WASHINGTON March 8th, 2012 – Last month Congress passed one of the more important pieces of legislation regarding the future of wireless access and innovation in our country. The bi partisan legislation has already garnered support from many of the stakeholders and parties involved. Given that we have not covered this legislation up to date, we are now providing a summary of it.
On February 17th Congress passed the “Payroll Tax Bill”, formerly titled the Middle Class Tax Relief & Job Creation Act of 2012. While the primary focus of this bill is the payroll tax, there are three key provisions in it that are revolutionary for wireless networks in the United States. These provisions were inserted into the bill after the bi partisan wrangling over the payroll tax portion was over, as it became clear that it would pass.
In the first provision, the legislation authorizes an unprecedented release of spectrum through granting the Federal Communications Commission the authority to establish voluntary spectrum auctions for currently licensed, unassigned and government-owned spectrum. The second provision gives the FCC explicit authority to preserve unlicensed TV white spaces and to consolidate white space bands for unlicensed devices. The third provision creates a national interoperable public safety broadband network.
As a consequence of these provisions, there will be significant rectification of the national shortage of spectrum for broadband services. In order to achieve these goals, the legislation creates significant monetary incentives for spectrum rights holders and projects net profit of approximately $15 billion for the U.S. treasury.
In the first part of the auction process the FCC has three years to auction off up to 65MHz of spectrum from a series unassigned or government- owned bands.
The second phase of the auction seeks to auction off portions of spectrum bands currently licensed by the TV broadcasters. The legislation gives the FCC the authority to hold incentive auctions where broadcasters would receive payment in return for voluntarily giving up portions of their spectrum allocation. Through a process called a reverse auction, the FCC will receive bids from broadcasters stating the amount that they would accept for giving up the rights to their spectrum. The reverse auction is designed to keep the broadcaster’s asking price low. The FCC will then take the relinquished spectrum and auction it off in regular auction proceeding.
The law asks the FCC to use all reasonable measures to preserve existing coverage for different stations and prevents them from moving stations from UHF to VHF bands and vice versa. Additionally, the legislation has set aside a one-time $1.75 billion dollar fund to cover reallocation costs for stations that have given up spectrum.
Congress did not restrict the FCC’s ability to enforce conditions of net neutrality on new wireless spectrum licenses, a provision that was part of an earlier version of the legislation. They did, however, prohibit the FCC from setting pre-conditions, aside from the basic qualifications for participating, in the auction process. The law does, nevertheless, give the FCC broad authority to craft auction rules in the public interest. The FCC can make “rules of general applicability, including rules concerning spectrum aggregation that promote competition.” Essentially, this will enable them to place caps on the amount of spectrum any one entity could win.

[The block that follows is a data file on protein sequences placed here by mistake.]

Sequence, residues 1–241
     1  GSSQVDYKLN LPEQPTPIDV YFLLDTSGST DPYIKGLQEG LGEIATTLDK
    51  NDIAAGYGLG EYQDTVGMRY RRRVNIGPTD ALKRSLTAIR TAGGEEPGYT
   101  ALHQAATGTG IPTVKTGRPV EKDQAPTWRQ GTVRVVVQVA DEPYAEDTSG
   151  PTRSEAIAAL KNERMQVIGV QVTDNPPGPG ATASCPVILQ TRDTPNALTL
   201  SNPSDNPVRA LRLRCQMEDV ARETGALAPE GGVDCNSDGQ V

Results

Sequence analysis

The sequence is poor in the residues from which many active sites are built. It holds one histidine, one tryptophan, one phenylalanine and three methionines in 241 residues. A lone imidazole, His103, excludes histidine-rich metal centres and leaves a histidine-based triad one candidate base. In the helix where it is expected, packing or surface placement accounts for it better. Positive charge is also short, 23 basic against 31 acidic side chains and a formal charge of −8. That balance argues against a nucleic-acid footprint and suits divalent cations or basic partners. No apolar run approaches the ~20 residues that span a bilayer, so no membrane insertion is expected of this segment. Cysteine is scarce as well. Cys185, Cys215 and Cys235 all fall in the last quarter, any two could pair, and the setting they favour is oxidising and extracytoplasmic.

Preserving Unlicensed Spectrum Uses
Unlike prior versions of the bill, the final version gives the FCC explicit authority to preserve unlicensed TV white spaces. Additionally, the FCC can consolidate white space bands for unlicensed devices to promote the most optimal use and create nationwide guard bands between licenses in order to promote innovation and investment in new wireless services.
The Legislation lays out the plan to construct the nation’s first ever public safety broadband network. The bill creates the First Responder Network Authority (FirstNet) which will receive $7 billion in auction revenue and licenses to use the “D Block” as well as adjacent spectrum to build a national interoperable broadband network for public safety personnel.
Congress inserted an opt out clause in the public safety portion of the bill for states that demonstrate their own ability to build a public safety network and connect it to the national network. To ensure interoperability of these networks, the bill creates an FCC technical advisory board to come up with interoperability standards. States that choose to build their own public safety networks can apply for grants if they can show that the networks meet the FCC’s interoperability standards.
Rosenworcel Proposes Funding Infrastructure and 911 Transition with Spectrum Auction Money
The FCC’s chairwoman spoke on the future of spectrum during a Tuesday CTIA event on 5G’s climate impacts.
WASHINGTON, May 11, 2022 – Federal Communications Commission Chairwoman Jessica Rosenworcel on Tuesday proposed using funds raised in upcoming spectrum auctions held by the commission to fund infrastructure projects and the transition to a next-generation 911 system.
The proposal came as part of a list of potential future areas of focus on spectrum from the commission during Rosenworcel’s session at wireless trade association CTIA’s 2022 5G Summit focusing on 5G’s impacts on climate.
Rosenworcel has stated in the past that she would like spectrum auction proceeds to go towards updating the national 911 system.
Proposed upgrades include allowing 911 callers to send first responders photos, videos and text messages rather than just calls. A bill also exists in Congress to upgrade 911, the Next-Generation 911 Act, authorizing federal grants to go towards the upgrades.
In March the FCC announced that in July it would auction 2.5 GHz band licenses for 5G services.
Sen. Amy Klobuchar, D-Minn., also speaking at Tuesday’s event, added to the calls for upgrades to the national 911 system.
Rosenworcel also spoke about the possibility of legislation targeting mid-band spectrum and development of next-gen wireless networks, work on updates to the Commercial Spectrum Enhancement Act that governs allocation of spectrum to the commercial sector, as well as a greater focus on receiver performance and procurement practices rather than just examining transmitters.